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New Caledonia Nickel Mine 50 years later
New Caledonia

In the 1950's the western shores of the Baie du Prony in New Caledonia was strip mined for nickel and iron. The last ore ship sailed out in September of 1968 and the land was left to regenerate. As you can see by looking at the other sphere images we have taken near this location, wilderness has returned to much of the land near the mines over the past 42 years, but the areas that were actively mined remain as you see in this image - very much like a Martian landscape. Back in 1984 I wrote about this recovery as "a fold in time" when people briefly left the area alone. The fold is now closing and there is a new, truly enormous strip mining operation and nickel processing plant closing the fold in time on the Baie de Prony. We call it Mordor and it has already launched an attack on Middle Earth. The area around the anchorage in the northern part of Baie du Prony, including the watersheds of the 5 small rivers that enter the Baie de Carenage, is still gloriously free of human habitation and disturbance. It retains the sense of wilderness and beauty described in 1984, but the land has already been leased for strip mining so the memory bubbles on 360Cities.net and Google Earth will one day soon be all that remains of this natural beauty.

When I took this sphere image I called it "The Cauldron", thinking of a mind experiment described in the Fold in Time. It was about 40 degrees C with the heat of the sun amplified by land that looked and felt like burning coal. The ore content is, strangely enough, just the right proportion of iron and nickel to make stainless steel. So what you see here are the glowing embers of a fire that yielded thousands upon thousands of stainless steel pots, pans, utensils, and other items necessary for our modern existence. I'm a fan of stainless steel and happy to have it for lots of essentials. Like you, I'm techno-dependent. And I realize we can't have our technology without removing the ore from the Earth. I also know we can't do that without causing long-lasting damage to the creatures that live over that ore. Nobody lives around the Baie du Prony because the land is so rich in heavy metals - like chrome - that the soil does not support our agricultural plants and the water is not safe to drink for long periods of time. So there isn't much that stands in the way of the gigantic mining machines. The mining company swears up and down that it's going to be very careful and environmentally safe as it levels the mountains.

If you want to come to New Caledonia and see it now - before the mining comes this way - download a copy of the Guide to New Caledonia and book your reservations. Or if you have a yacht, download a copy of the Cruising Guide to New Caledonia and come enjoy this strange and beautiful wilderness while it lasts.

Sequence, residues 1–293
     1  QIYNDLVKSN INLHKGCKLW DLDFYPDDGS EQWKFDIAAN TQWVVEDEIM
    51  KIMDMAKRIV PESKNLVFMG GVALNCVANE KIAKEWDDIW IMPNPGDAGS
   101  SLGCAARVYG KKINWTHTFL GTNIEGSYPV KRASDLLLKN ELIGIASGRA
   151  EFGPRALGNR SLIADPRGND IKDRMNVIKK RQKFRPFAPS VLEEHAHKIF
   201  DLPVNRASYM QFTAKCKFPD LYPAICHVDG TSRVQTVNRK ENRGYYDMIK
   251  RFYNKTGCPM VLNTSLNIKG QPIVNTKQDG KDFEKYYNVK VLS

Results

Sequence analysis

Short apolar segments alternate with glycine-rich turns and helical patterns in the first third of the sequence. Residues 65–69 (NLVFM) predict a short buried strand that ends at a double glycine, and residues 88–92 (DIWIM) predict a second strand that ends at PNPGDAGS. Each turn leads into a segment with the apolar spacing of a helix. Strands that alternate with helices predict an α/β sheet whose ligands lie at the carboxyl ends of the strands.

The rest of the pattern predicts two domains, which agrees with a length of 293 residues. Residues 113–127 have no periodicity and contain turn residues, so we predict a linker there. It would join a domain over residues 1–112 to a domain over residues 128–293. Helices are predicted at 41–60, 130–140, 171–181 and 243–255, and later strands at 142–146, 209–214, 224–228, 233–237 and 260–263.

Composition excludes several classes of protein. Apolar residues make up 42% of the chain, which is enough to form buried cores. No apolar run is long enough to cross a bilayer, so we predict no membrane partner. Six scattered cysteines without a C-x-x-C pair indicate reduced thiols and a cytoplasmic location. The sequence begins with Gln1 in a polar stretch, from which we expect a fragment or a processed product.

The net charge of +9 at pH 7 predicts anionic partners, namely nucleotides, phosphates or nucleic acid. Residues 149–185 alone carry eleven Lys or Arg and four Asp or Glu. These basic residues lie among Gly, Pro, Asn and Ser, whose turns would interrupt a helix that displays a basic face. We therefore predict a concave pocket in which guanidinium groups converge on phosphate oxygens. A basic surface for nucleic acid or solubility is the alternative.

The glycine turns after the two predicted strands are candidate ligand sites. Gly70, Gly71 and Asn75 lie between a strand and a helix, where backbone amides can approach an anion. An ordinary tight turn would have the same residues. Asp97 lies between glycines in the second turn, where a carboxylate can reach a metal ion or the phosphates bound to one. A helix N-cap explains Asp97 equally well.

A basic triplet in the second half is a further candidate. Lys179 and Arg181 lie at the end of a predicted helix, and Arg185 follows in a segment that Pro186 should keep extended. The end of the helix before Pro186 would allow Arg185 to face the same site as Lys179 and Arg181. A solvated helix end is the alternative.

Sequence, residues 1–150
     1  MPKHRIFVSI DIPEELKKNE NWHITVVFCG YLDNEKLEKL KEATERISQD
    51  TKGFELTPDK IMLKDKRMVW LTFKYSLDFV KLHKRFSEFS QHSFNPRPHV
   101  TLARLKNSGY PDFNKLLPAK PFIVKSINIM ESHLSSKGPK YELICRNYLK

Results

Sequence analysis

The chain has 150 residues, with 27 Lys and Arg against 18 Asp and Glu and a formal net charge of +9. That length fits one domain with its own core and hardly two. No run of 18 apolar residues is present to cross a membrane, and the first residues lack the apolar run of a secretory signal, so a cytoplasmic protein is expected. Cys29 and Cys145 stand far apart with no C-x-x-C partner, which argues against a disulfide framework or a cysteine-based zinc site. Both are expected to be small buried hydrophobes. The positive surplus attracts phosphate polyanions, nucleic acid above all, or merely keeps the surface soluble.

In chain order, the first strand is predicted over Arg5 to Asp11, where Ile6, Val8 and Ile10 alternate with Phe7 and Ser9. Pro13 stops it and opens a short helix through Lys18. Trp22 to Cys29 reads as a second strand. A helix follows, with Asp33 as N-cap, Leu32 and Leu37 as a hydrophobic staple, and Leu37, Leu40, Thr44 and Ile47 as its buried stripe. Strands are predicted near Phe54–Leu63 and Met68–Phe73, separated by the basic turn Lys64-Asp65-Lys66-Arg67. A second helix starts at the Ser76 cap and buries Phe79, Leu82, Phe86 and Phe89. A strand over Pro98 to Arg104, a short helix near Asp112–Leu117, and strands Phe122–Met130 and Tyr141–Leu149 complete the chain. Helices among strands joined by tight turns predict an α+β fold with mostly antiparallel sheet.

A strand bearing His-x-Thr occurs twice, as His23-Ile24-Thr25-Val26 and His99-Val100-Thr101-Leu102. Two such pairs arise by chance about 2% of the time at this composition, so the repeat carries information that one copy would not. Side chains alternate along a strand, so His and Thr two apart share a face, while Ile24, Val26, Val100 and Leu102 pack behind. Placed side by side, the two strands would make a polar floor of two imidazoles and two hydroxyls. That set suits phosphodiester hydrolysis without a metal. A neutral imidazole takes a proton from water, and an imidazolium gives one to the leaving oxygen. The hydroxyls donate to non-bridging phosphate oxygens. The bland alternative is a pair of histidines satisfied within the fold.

Copyright: Richard Chesher
Type: Spherical
Resolution: 12044x6022
Subida: 06/11/2010
Actualizado: 26/05/2014
Número de vistas:

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Tags: new caledonia mining; new caledonia nickel; nickel mine new caledonia; strip mining; environmental impact stip mining
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More About New Caledonia

New Caledonia is the closest South Pacific Island to Australia and New Zealand. It is a French Territory and although the official language is French the culture is a blend of Melanesian, European, Polynesian, Vietnamese, Chinese, Indonesian, and more. There is one large mountainous island called Grande Terre and 6 smaller islands - the three Loyalty Islands, Belep and the Isle of Pines.The islands are remarkably unpopulated and there are vast areas of wilderness. There are hundreds of kilometers of walking treks, camp grounds, more than 42 parks and reserves, and crystal clear rivers with sparkling waterfalls. Almost one third of the population is located in the capital city of Noumea. Nickel mining is the primary industry and is the major contributor to the high standard of living in the country. Grande Terre is surrounded by the second largest barrier reef in the world and the protected lagoon created by this barrier reef is the largest in the world. Listed as a World Heritage Site in 2008, the lagoon is 24,000 square kilometers and supports a diverse and luxuriant fauna of fish and invertebrates.The vibrant, clear and rich colors are one of the first things that visitors notice when they arrive. Noumea has a complete range of hotels, resorts, restaurants, and activities to welcome visitors.